Bits 'n' Pieces: Dusenbery goes extra mile for alma mater Reed College

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When it comes to supporting his alma mater, Harris Dusenbery walks the talk.

The 98-year-old Vancouver man graduated from Portland's Reed College in 1936.

This year on June 10, he marched with Reed's float in the Rose Festival Grand Floral Parade. It was the first time the college had been in the parade since 1936.

Here's how it came to pass.

Reed volunteers put together a float and about 100 alumni and friends of the college planned to walk in the parade. Reed is marking its own milestone, celebrating 100 years of excellence in education. About three days before the parade, Mike Teskey, director of the alumni group, invited Dusenbery to join the walkers.

Teskey ordered a wheelchair in case Dusenbery was unable to finish the route.

No wheelchair was needed.

Dusenbery said his daughter, Diane Waggner ('68 Reed grad), pushed the empty chair most of the route. He confessed he did sit in the chair when the parade stopped on occasion, but when the parade started moving, so did he. To the very end.

When he attended the Reed reunion during the first week of June, he attended lectures all day and slept in a dorm room for four nights.

Dusenbery, who retired 42 years ago as district manager of the local Social Security office, doesn't spend much time sitting. He is healthy and walks at least a mile every day. But since his artificial knee has begun wearing out, he started buying a bus pass.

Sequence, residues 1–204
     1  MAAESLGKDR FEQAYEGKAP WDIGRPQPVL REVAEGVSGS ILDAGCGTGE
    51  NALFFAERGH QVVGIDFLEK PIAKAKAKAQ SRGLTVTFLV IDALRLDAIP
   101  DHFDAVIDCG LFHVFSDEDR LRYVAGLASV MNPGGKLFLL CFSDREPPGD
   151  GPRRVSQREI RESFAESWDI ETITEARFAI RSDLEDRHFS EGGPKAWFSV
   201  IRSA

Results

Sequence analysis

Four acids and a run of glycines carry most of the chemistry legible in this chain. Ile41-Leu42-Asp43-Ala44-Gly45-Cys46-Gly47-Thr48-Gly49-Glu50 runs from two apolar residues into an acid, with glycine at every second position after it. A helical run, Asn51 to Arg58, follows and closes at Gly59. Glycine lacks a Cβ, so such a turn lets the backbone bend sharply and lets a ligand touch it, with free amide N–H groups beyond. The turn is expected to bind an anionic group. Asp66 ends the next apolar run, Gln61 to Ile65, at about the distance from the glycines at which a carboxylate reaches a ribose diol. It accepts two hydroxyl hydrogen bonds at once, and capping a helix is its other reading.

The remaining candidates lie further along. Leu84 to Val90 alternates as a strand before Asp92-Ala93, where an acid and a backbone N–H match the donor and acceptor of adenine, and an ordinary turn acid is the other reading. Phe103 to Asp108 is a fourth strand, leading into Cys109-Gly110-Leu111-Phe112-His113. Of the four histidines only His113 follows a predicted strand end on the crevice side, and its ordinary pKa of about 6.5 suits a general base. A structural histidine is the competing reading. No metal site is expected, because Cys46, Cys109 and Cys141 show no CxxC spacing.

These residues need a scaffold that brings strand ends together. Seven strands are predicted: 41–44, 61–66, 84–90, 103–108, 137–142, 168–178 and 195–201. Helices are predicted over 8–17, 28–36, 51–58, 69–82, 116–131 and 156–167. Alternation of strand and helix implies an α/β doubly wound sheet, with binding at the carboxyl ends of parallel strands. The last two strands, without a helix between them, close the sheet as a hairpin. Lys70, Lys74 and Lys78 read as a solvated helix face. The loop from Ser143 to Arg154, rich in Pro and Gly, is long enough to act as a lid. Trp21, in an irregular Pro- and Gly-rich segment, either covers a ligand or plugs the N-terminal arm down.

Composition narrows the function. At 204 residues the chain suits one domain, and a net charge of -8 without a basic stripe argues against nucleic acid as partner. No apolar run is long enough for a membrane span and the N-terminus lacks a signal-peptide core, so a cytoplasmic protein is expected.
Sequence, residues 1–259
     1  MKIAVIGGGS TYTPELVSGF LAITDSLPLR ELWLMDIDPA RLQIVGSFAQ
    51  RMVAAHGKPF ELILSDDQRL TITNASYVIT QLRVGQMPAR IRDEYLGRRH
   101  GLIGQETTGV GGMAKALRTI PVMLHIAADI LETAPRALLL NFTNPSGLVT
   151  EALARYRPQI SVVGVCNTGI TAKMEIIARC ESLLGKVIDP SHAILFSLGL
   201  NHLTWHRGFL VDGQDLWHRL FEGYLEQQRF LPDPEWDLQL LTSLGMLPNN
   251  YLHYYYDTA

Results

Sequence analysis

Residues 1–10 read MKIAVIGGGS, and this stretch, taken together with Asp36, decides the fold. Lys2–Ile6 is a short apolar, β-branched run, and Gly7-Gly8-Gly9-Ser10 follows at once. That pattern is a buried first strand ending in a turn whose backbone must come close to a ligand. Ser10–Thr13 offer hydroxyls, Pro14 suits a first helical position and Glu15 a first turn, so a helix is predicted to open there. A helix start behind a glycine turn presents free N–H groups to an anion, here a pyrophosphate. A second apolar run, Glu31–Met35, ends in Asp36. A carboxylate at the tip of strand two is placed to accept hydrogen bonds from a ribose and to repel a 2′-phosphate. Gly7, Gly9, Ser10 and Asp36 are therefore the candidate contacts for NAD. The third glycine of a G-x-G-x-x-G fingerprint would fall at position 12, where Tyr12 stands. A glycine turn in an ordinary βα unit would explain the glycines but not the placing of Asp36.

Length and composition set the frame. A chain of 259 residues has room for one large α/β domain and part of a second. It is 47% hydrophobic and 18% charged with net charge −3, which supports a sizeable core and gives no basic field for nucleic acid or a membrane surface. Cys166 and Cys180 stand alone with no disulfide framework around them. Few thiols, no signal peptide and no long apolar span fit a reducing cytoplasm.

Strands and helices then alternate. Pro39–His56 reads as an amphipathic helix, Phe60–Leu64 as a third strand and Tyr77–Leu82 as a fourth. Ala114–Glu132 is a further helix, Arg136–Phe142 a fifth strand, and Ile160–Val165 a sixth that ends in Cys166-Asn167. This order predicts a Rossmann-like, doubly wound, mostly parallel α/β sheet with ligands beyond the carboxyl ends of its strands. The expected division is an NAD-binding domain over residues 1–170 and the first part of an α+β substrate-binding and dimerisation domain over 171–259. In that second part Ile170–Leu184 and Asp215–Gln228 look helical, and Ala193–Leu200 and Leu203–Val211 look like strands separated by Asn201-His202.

His wife, Evelyn, died four years ago. Dusenbery keeps busy. He volunteers at the American Cancer Society Discovery Shop one day a week and serves on the investment team at First Presbyterian Church. He eats lunch at the Luepke Center two or three times a week. At home, he is digitizing slides he took when he and Evelyn visited the North Pole in 2001.

Dusenbery has other distinctions.

He recently was named as one of two recipients of the first-ever Lifetime of Giving Award by The Community Foundation for Southwest Washington. It was bestowed for his years of philanthropic generosity that were sometimes made thanks to "significant personal sacrifices," the foundation said.

During World War II, Harris served in the Army's 10th Mountain Division, a then-new program to train skiers and climbers for combat in difficult mountainous terrain. Although the division served in combat for only four months, it had one of the highest casualty rates of World War II.

After he retired, Dusenbery wrote two books about his experiences in the 10th Mountain Division. In 1991 he published "Ski the High Trail: World War II Ski Troopers in the High Colorado Rockies," which focuses on the training of the soldiers at Camp Hale in Colorado, where, in addition to being trained in military operations, they practiced skiing, snowshoeing, rock climbing and cold weather survival.

In 1998 he wrote his second book, "North Apennines and Beyond with the 10th Mountain Division." Both of Dusenbery's books are available on Amazon, and this book is available through the Fort Vancouver Regional Library.

One reviewer wrote: "The universal appeal here is Dusenbery writing of his military experience from a common-man, citizen-soldier's point of view."-- Mary Ricks

Bits 'n' Pieces appears Fridays and Saturdays. If you have a story you'd like to share, email bits@columbian.com.